(79) AR 600-8-2, supra note 26, para. 1-9b.

(80) For more on this particular report, see the eMILPO Manual, supra note 14, at 230. There are many other personnel reports, including the commonly used AAA-162, Unit Personnel Accountability Report, but the AAA-095 is more specific for the task of reviewing flags.

(81) AR 600-8-2, supra note 26, para. 1-9b.

(82) See Crush of Requirements, supra note 10 (providing more discussion on how company commanders will accept the risk of not completing certain actions under the crush of requirements from higher headquarters).

(83) AR 600-8-2, supra note 26, para. 2-4.

(84) Checking for a flag at the initiation of an administrative separation is always good practice.

(85) AR 600-8-2, supra note 26, para. 2-9b(5).

(86) Most units move as quickly as possible to get orders for a separated Soldier, but this process regularly takes up to ten working days. Soldiers remaining at the unit after the separation authority has directed discharge can be a problem, particularly in rear detachments. This often happens when the discharged Soldiers are waiting for organizational clothing and equipment that was not shipped back to the rear detachment with them when they were redeployed for separation purposes. If the rear detachment is not familiar with proper clearing procedures at the Central Issue Facility, this can delay separation for two months or more. This assertion is based on the author's recent professional experiences as a BJA from 1 August 2010 to 8 July 2012.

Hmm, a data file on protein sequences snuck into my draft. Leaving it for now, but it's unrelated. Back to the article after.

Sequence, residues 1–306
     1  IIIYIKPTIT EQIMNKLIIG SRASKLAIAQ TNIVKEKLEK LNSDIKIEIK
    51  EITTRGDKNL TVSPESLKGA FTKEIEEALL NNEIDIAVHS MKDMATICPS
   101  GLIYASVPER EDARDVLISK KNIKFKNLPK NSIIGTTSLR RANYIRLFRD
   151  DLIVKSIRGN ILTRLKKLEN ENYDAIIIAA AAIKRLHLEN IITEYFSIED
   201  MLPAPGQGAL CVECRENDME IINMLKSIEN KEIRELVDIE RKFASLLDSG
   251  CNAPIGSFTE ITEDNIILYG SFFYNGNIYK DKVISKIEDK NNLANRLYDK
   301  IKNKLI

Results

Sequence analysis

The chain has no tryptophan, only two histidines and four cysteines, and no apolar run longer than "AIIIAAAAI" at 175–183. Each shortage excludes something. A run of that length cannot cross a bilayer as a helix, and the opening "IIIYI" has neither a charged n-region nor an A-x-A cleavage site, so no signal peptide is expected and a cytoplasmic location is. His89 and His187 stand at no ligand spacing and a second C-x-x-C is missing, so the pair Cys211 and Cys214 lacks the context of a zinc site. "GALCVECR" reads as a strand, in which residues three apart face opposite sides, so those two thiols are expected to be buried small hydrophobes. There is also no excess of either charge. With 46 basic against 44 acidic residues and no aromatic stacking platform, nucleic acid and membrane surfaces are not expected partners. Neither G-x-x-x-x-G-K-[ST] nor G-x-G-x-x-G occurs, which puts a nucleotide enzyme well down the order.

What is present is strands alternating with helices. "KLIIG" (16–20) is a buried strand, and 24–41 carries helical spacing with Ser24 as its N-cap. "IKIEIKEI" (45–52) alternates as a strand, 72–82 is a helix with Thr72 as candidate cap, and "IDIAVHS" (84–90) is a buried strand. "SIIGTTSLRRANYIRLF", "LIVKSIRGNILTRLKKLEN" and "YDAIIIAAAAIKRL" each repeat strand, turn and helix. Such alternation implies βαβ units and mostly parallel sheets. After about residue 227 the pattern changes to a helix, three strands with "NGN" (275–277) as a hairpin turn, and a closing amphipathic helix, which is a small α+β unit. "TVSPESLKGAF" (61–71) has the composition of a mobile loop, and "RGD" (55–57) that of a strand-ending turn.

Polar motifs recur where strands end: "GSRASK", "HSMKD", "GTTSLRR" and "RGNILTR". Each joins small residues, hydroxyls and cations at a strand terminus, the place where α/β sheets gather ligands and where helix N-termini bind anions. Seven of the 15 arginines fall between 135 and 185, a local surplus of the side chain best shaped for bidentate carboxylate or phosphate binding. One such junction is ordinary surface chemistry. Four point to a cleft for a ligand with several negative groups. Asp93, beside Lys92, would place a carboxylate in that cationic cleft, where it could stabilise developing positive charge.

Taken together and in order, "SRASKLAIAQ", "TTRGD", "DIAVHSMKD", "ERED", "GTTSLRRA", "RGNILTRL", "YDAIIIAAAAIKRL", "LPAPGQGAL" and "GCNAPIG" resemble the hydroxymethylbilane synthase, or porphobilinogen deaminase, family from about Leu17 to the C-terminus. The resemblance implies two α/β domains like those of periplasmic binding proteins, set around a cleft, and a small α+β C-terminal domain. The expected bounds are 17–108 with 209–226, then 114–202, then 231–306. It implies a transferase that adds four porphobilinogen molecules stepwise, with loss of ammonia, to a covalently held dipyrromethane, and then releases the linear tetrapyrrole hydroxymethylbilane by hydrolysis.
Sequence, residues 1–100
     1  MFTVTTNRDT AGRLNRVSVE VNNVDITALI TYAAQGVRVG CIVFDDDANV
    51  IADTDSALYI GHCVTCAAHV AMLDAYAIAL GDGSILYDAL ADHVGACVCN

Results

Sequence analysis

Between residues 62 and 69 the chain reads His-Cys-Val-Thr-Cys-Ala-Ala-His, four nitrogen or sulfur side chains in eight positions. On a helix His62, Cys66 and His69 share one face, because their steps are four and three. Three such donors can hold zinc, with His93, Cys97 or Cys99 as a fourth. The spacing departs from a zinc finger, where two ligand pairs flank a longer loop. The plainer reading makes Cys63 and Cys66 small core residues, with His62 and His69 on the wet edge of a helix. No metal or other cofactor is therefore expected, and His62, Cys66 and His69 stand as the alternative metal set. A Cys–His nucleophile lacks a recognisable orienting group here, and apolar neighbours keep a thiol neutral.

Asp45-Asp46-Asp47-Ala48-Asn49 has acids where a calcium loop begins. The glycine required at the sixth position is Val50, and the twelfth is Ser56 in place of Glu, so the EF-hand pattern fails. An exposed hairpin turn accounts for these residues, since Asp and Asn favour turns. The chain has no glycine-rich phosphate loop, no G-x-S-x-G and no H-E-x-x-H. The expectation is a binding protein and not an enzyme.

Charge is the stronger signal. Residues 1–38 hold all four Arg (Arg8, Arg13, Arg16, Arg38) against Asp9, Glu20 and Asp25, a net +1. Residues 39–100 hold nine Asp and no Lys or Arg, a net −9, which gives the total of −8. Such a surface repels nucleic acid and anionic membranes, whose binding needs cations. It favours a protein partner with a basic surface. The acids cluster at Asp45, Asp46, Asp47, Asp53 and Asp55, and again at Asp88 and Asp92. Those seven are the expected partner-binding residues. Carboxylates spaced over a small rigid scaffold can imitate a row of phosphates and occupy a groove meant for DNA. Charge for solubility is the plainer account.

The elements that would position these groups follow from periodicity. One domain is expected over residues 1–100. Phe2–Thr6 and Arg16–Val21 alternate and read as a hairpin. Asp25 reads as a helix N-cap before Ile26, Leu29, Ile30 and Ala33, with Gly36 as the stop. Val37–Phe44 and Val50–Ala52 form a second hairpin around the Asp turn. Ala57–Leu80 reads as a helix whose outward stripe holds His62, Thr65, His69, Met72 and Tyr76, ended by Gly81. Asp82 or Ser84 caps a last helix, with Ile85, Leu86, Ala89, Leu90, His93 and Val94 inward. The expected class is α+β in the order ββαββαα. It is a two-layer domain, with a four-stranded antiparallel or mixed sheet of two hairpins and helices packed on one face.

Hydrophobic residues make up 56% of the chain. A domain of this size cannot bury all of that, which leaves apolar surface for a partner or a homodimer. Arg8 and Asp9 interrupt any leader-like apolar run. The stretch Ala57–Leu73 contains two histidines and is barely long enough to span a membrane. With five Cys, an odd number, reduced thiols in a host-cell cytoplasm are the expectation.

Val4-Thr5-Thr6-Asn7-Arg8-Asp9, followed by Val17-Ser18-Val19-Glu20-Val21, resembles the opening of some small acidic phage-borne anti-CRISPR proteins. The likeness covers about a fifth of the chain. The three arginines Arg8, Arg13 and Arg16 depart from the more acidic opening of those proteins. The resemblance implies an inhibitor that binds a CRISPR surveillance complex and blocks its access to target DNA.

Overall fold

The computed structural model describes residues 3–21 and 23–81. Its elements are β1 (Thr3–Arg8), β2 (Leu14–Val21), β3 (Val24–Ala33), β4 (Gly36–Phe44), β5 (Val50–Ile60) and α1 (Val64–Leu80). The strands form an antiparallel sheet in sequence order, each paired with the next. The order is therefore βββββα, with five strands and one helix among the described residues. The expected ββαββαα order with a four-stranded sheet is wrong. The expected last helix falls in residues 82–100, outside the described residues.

(87) For example, if a first lieutenant is flagged for driving while impaired and receives a memorandum of reprimand while that officer was on a promotion list to captain, the flag may only be removed by Commander, HRC, so the unit must notify HRC when the memorandum is filed or rescinded. See AR 600-8-2, supra note 26, para. 2-9b(4).

(88) For example, the BJA can (and should) apply the same principles that improve readiness reporting to the Commander's Report of Disciplinary or Administrative Action, DA Form 4833. As with personnel readiness reporting, failure to follow simple processes for reporting disciplinary actions can cause outsized problems for the legal office, the brigade commander, and the Army in general. For a surprising look at the impact of delinquent DA Form 4833s on the force, which is not unlike the impact of poor personnel reporting data on the commander's ability to make informed decisions, see HP/RR/SP Report 2010, supra note 64.

Major Tom Hynes, Judge Advocate, U.S. Army. Presently assigned as Officer-in-Charge, Stuttgart Law Center, Stuttgart, Germany. Member of the South Dakota state bar.